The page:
The hottest commodity of the week was silver once again, but the majority of the upwards price movement took place after Tuesday (the COT (Commitment of Traders) is always from Tuesday to Tuesday, thus it is hard to tell what the current structure of the COT looks like. Similar too recent weeks there are subtle structural changes taking place, this week in the 4 largest banks net short position which was only slightly reduced.
This week’s COT report doesn’t say much relative to the past month. We will have to wait until next week to see more dramatic changes as it is highly likely due to a new 30 year record closing price. Silver investors can be reassured they are winning the battle against the commercial banks no matter the degree of manipulation that is taking place as the laws of supply and demand are winning out.
For those who unaware of the fundamentals (production less consumption), Silver has the single best fundamentals out of any commodity in the CRB yearbook, which has been running large annual deficits for several decades. Above ground silver as of the year end 2009 was estimated to be between 800m-1b ounces of above ground silver. In other words, it has become scarcer than gold, at least above ground, due to many factors, including the fact that silver wasn’t economical to recycle as a result of the same manipulation that is taking place today. The big commercial banks, however, are no match for the power of markets. The following is the last 5 weeks of COT data, adjusted for commercials and non commercial spreading.
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While the total net short position increased in a rather strange fashion, there was both a decrease in the gross short and gross long position, the latter obviously being greater. Moving down the chart, the most encouraging sign is the slight reduction in the 4 largest banks, most likely because of the unwinding JP Morgan’s contracts. Another encouraging stat is the adjusted net open interest which fell by approx 6,400 contracts. Therefore we can’t take the increased concentration levels of the 4 largest at face value as we have to keep in mind open interest was also reduced. The same goes for the 8 largest, which can be partly attributed to the decrease in the raptors (other commercial banks) position as well as a reduction in the commercial spread position. The 8 largest as a whole were basically flat regarding changes in their net short position. Again, the increased concentration levels, fully adjusted, have to be taken with a grain of salt as all the changes in the concentration levels were a function of the substantial change in open interest, which is a structural change that will likely remain throughout the unwinding process.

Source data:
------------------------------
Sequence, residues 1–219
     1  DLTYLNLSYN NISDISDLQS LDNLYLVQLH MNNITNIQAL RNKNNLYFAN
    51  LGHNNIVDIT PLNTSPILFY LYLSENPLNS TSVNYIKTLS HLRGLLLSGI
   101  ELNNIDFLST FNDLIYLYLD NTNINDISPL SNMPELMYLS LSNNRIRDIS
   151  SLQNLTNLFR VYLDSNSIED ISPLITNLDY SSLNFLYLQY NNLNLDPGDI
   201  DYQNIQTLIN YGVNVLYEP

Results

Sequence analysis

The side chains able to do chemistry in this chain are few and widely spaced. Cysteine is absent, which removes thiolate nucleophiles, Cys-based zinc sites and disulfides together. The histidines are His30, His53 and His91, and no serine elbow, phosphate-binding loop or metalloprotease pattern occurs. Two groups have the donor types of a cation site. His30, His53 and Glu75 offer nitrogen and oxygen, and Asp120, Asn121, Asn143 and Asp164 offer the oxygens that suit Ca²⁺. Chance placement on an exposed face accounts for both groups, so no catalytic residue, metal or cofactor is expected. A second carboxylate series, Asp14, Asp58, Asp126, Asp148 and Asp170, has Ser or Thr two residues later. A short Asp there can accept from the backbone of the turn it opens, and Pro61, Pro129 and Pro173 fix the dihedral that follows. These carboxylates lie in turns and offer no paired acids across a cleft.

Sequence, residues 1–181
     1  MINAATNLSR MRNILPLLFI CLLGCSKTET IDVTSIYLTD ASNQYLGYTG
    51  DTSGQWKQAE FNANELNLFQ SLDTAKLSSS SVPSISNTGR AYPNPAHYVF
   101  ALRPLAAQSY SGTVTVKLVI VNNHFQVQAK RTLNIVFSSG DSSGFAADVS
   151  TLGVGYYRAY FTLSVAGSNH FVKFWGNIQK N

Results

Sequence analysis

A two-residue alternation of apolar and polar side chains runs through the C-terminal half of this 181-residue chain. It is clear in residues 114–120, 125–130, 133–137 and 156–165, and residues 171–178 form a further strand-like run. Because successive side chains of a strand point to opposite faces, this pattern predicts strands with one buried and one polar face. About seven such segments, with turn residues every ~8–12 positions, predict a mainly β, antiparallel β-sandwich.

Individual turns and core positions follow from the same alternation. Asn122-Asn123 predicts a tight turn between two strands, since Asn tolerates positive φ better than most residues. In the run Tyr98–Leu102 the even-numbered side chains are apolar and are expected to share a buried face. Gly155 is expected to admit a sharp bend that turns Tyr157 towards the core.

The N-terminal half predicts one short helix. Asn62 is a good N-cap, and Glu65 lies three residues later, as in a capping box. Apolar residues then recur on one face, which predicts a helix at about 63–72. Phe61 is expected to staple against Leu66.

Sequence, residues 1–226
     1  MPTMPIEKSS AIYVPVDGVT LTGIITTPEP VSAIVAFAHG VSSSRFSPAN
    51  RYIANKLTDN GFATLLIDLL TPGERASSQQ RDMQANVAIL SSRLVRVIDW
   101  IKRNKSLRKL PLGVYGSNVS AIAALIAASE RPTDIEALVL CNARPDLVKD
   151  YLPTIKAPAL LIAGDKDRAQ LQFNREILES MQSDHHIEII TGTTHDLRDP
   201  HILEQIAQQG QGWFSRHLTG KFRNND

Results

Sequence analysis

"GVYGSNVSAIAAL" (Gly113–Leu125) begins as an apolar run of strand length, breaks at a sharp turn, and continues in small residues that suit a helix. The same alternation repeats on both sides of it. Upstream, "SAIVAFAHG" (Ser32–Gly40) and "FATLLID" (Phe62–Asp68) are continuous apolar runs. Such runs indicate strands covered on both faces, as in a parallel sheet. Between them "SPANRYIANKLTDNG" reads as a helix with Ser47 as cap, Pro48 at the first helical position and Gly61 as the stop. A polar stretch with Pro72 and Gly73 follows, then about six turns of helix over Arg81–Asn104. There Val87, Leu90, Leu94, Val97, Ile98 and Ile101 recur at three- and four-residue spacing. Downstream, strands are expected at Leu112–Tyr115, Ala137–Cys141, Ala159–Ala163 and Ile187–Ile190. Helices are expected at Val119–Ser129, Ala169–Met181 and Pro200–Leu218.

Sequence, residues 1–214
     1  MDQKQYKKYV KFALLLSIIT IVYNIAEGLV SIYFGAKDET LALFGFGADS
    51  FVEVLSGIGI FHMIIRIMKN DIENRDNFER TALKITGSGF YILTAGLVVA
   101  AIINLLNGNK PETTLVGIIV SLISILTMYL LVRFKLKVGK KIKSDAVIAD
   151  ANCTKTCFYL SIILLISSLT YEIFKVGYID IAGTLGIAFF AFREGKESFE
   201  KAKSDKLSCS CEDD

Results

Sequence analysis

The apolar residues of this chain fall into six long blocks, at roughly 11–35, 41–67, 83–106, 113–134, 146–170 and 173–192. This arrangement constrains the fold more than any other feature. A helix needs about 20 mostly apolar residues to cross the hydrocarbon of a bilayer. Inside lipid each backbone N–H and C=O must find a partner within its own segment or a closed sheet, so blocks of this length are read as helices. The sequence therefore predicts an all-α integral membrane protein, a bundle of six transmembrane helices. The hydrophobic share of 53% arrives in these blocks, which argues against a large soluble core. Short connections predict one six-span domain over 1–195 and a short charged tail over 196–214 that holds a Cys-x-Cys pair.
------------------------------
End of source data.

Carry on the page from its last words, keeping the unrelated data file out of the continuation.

Takeaways: Although at first glance, this week’s COT report seems bearish, I contend a large part of it was due to the vast decreased in real open interest. Given the price action after last Tuesday, I expect to see a very bullish COT report next Friday. Concluding this week’s analyses, I just wish to say the end of this fraudulent manipulation is coming to an end. (I say fraudulent only because it was the CFTC who granted these banks hedging exemptions, so like most things gone wrong in society, a government regulatory agency is at fault).